I once took the funeral of a man whose family claimed that he was a ‘great supporter of his local church’, but because I had never seen him in the church, I began to wonder if he only came at night when nobody was around. So, rather mischievously, I chose this passage from John’s gospel as the reading at his funeral. The passage does describe Nicodemus as a ‘secret disciple’ who comes to Jesus under the cover of darkness to discuss his faith.
Darkness is an important feature of this gospel. The Prologue tells us that Jesus is ‘light and life’ and that the ‘light shines in the darkness but the darkness has not overcome it’ (1.4). We need to remember that this gospel comes from a situation in which there has been a breakdown in relationships between Jews and Christians. Many of the Christian party have been expelled from the synagogue because of their belief in Jesus as the Messiah. Such a painful situation is rather like a family row and yet there is also the possibility of reconciliation. Nicodemus represents those who are willing to try again. He approaches Jesus for clarification. He notes that Jesus ‘is a teacher who comes from God; for no one can do these signs that you can do unless God were with him.’ He is like many in our society today who have a respect for the person of Jesus but keep it hidden and are afraid to take it further. It is a particularly male problem. Women are more likely to make a commitment than men who are generally reluctant to let others see their true feelings.
However, this passage illustrates in dramatic terms the necessity for decision and commitment. Jesus gets straight to the point. The phrase ‘Truly, truly’ emphasises the solemnity of what he is about to say. ‘Unless you are born from above, you cannot enter the Kingdom of God.’ John, at the beginning of his gospel has already told us that those who receive the Word are ‘born of God’. In other words an entirely new outlook is required for those who wish to see God’s Kingdom here on earth. Heaven is open for those who can see. The Word is made flesh for those who can perceive ‘grace and truth’.
Sadly, poor Nicodemus doesn’t get the message. He, like many in positions of authority, can only hear and see the mundane. They are limited to a ‘this worldly’ view of reality. In fact seems more interested in gynaecology than metaphysics. So Jesus talks further about what is required for those who wish to see more and enter the Kingdom of God. Jesus points out to Nicodemus that you don’t need a degree in theology to realize that there is more to this life than the blindingly obvious. As George Herbert says (and please note, it is his day next Sunday):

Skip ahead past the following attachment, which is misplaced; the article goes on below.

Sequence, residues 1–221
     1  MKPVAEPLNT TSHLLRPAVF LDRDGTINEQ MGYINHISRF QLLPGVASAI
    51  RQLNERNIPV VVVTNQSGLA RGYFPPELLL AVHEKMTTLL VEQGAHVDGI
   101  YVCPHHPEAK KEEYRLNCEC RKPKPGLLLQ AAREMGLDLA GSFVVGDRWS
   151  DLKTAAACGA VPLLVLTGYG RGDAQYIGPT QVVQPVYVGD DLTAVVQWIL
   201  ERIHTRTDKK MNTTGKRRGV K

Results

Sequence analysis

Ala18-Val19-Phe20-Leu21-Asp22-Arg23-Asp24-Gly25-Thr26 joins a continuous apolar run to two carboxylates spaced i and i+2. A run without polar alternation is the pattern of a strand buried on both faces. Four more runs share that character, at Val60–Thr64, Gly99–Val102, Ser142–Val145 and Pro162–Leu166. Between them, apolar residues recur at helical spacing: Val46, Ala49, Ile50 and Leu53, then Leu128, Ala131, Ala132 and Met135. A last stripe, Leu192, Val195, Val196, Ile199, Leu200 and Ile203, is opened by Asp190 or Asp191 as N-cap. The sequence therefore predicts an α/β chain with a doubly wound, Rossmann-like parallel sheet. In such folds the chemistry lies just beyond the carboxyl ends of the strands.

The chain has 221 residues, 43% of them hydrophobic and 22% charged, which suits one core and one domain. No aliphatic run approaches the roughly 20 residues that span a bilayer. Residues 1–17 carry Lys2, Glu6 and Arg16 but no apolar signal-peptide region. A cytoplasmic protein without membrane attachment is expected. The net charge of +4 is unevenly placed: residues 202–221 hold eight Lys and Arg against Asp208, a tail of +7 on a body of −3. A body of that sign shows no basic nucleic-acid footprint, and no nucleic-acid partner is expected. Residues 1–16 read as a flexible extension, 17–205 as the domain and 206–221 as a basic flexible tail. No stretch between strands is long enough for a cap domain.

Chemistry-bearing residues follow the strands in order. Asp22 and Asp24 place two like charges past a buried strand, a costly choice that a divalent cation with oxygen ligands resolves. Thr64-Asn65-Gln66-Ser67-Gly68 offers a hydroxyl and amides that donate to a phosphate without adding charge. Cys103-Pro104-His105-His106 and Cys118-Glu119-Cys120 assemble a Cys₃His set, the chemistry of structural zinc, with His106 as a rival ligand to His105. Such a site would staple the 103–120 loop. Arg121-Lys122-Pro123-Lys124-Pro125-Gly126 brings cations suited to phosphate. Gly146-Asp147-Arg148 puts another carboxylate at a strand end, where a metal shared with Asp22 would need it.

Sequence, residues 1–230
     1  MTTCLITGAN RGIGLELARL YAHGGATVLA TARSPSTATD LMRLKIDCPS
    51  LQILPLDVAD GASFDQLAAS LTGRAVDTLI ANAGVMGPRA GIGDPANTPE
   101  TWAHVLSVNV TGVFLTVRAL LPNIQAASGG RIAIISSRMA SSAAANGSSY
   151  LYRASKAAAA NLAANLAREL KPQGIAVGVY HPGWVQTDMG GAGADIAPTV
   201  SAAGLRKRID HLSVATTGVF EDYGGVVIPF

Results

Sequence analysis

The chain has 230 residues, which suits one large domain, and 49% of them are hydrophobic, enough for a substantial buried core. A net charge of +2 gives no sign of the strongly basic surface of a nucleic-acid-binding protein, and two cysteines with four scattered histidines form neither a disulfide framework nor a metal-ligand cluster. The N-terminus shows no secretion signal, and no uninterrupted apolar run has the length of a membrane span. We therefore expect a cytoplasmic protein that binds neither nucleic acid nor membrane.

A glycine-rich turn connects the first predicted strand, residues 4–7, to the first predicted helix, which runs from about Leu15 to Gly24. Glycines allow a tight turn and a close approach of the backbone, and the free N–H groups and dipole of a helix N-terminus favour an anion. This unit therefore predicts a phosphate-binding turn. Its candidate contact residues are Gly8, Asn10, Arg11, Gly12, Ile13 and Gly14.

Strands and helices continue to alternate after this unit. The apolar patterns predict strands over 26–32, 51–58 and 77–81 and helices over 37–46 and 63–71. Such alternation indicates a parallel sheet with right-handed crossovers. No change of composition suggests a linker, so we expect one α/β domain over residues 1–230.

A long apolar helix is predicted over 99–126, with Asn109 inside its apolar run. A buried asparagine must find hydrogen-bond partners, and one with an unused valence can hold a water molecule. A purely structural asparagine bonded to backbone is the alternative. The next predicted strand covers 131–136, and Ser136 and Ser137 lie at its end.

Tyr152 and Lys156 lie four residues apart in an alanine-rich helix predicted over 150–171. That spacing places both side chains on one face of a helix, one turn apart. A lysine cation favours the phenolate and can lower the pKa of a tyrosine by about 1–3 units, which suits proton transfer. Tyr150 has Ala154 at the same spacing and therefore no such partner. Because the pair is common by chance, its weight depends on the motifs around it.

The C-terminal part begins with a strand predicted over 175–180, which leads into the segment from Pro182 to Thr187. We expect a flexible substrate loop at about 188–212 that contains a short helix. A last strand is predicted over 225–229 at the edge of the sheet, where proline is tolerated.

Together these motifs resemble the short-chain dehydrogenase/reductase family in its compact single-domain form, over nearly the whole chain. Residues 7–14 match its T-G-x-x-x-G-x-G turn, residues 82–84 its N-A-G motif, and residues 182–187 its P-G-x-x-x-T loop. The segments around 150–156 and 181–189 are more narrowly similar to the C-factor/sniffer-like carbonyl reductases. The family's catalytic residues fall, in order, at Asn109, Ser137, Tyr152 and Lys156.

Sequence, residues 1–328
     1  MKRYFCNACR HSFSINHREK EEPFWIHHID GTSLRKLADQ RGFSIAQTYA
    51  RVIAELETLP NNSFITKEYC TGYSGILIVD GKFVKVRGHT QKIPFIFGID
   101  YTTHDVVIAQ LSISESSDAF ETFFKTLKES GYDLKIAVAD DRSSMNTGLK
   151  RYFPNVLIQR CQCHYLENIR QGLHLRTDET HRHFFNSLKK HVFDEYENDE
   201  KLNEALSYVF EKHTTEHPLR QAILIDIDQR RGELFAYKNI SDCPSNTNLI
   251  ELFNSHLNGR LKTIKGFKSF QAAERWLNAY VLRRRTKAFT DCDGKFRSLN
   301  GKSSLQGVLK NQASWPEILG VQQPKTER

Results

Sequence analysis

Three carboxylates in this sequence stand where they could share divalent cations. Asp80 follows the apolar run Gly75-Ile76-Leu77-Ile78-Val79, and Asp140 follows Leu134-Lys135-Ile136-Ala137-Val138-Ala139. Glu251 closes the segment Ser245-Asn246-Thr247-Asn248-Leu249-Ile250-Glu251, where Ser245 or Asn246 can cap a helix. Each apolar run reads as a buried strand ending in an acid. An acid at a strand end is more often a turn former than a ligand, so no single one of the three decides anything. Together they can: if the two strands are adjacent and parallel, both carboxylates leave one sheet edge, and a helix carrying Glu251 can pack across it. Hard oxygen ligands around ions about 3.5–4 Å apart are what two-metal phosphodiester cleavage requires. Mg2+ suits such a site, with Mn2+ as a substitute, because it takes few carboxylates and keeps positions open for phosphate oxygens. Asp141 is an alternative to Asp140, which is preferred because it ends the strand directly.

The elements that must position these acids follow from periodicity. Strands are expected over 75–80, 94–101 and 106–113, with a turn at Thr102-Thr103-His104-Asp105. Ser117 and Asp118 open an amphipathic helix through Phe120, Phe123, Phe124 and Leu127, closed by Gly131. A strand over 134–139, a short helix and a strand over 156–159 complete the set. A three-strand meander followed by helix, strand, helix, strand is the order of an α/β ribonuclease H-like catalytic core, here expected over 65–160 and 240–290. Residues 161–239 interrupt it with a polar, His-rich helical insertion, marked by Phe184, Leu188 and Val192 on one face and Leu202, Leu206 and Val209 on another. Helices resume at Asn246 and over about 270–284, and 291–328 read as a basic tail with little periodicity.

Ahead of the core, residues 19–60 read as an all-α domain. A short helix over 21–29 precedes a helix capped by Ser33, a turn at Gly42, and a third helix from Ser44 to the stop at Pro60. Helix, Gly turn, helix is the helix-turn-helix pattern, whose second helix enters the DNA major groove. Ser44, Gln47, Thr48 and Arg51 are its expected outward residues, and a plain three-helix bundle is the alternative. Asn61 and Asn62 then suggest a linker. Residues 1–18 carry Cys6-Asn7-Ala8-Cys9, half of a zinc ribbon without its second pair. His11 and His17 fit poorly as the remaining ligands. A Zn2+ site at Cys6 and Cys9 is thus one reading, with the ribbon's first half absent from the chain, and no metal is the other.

A man that looks on glass,
On it may stay his eye;
Or, if he pleaseth, through it pass.
And there the heaven espy.
Jesus refers to those who belong to the world of the ’flesh’ and those who belong to the world of the ‘Spirit’. The flesh represents a limited and restricted view and the Spirit is about freedom and openness. Access is gained by water; a clear reference to the life changing effects of Baptism. Now all of us in this church have been baptized into this new life of the Kingdom. All of us are invited, during the Lenten fast, to rediscover that life as we journey towards its great celebration at Easter. Jesus, in this passage, hints darkly at the cost to himself. He will undertake a journey, which will cause him to be lifted up on a cross. Nicodemus began this discussion by talking of signs. In this gospel the greatest sign of God’s love is seen that same elevation of Jesus on the cross. ‘So the son of Man must be lifted up, that whoever believes in him may have eternal life. God so loved the world that he gave his only Son, so that everyone who believes in him may have eternal life’.
Many people are like Nicodemus. We keep our distance from being too identified with our faith for fear of embarrassment. We prefer to make only furtive visits to Jesus when no one is looking. Well this passage is telling us that life is on offer to those who will receive it and there isn’t a moment to waste. The ultimate sacrifice has been paid and eternal life is on offer. ‘Don’t let life pass you by’ says the old cliché. This passage puts that saying in the context of eternity.